Gait after Birmingham Hip Resurfacing: an age-matched controlled prospective study.

Journal: The Bone & Joint Journal
Treatment Used: Hip Resurfacing Arthroplasty (HRA)
Number of Patients: 28
MediFind Summary

Summary: In this study, researchers evaluated the effects of performing hip resurfacing arthroplasty (HRA) on hips which cause walking disturbances.

Conclusion: They found that after hip resurfacing arthroplasty, the patients walked as normally as persons without hip conditions.


Aims: The aim of this study was to assess the functional gain achieved following hip resurfacing arthroplasty (HRA). Patients and

Methods: A total of 28 patients (23 male, five female; mean age, 56 years (25 to 73)) awaiting Birmingham HRA volunteered for this prospective gait study, with an age-matched control group of 26 healthy adults (16 male, ten female; mean age, 56 years (33 to 84)). The Oxford Hip Score (OHS) and gait analysis using an instrumented treadmill were used preoperatively and more than two years postoperatively to measure the functional change attributable to the intervention.

Results: The mean OHS improved significantly from 27 to 46 points (p < 0.001) at a mean of 29 months (12 to 60) after HRA. The mean metal ion levels at a mean 32 months (13 to 60) postoperatively were 1.71 (0.77 to 4.83) µg/l (ppb) and 1.77 (0.68 to 4.16) µg/l (ppb) for cobalt and chromium, respectively. When compared with healthy controls, preoperative patients overloaded the contralateral good hip, limping significantly. After HRA, patients walked at high speeds, with symmetrical gait, statistically indistinguishable from healthy controls over almost all characteristics. The control group could only be distinguished by an increased push-off force at higher speeds, which may reflect the operative approach.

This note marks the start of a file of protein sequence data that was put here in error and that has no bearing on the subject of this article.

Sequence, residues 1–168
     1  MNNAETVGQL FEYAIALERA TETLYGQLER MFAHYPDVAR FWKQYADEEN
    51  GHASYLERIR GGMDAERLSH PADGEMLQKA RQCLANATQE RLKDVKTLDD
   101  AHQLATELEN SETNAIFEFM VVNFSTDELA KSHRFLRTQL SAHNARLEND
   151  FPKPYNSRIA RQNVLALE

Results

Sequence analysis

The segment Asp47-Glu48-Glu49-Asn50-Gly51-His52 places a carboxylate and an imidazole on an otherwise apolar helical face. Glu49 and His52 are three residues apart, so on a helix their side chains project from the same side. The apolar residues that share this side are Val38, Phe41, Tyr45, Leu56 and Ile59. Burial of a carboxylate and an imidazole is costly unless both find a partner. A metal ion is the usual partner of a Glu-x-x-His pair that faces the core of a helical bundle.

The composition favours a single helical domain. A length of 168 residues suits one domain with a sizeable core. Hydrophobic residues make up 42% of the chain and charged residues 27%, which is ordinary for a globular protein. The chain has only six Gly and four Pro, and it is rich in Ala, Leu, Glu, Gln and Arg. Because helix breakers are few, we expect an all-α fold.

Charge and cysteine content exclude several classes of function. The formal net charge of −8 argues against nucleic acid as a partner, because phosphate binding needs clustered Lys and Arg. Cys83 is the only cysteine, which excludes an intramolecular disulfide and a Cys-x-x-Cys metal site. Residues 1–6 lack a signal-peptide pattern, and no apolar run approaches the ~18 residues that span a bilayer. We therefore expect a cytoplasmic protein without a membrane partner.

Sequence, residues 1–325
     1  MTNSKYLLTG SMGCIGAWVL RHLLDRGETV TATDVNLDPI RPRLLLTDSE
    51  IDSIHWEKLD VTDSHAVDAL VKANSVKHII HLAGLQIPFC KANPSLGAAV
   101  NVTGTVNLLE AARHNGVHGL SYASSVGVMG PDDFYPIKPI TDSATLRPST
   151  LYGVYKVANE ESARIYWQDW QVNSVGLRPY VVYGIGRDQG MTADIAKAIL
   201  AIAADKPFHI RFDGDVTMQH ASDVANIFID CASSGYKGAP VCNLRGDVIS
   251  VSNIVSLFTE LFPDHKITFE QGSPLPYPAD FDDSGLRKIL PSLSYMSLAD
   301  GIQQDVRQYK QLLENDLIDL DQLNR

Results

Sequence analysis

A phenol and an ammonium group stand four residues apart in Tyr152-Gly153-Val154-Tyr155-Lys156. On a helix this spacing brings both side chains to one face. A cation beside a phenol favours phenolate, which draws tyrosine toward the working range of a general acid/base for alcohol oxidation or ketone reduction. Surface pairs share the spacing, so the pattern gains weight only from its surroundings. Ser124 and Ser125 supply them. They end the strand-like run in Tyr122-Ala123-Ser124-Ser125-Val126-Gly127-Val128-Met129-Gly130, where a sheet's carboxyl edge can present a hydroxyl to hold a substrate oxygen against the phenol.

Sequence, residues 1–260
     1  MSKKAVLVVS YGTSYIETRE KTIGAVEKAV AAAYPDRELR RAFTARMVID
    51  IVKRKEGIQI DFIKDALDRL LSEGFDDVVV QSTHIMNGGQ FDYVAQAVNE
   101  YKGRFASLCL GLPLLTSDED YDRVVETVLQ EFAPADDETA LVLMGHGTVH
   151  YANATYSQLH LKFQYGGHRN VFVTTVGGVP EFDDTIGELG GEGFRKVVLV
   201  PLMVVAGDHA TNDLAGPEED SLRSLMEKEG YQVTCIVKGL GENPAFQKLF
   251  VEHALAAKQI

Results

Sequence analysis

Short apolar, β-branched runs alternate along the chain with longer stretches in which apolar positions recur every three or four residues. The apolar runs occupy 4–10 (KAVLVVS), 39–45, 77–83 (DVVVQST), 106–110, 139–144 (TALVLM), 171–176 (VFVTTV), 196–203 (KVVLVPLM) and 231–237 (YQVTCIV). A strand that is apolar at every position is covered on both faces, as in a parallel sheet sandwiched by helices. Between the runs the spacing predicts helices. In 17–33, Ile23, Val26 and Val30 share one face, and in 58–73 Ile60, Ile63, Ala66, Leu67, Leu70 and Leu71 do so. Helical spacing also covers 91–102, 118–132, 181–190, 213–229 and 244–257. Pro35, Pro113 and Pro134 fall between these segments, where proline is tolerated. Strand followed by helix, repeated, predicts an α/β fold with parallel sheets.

Conclusion: Patients undergoing HRA improved their preoperative gait pattern of a significant limp to a symmetrical gait at high speeds and on inclines, almost indistinguishable from normal controls. HRA with an approved device offers substantial functional gains, almost indistinguishable from healthy controls. Cite this article: Bone Joint J 2019;101-B:1423-1430.

Anatole Wiik, Rhiannon Lambkin, Justin Cobb

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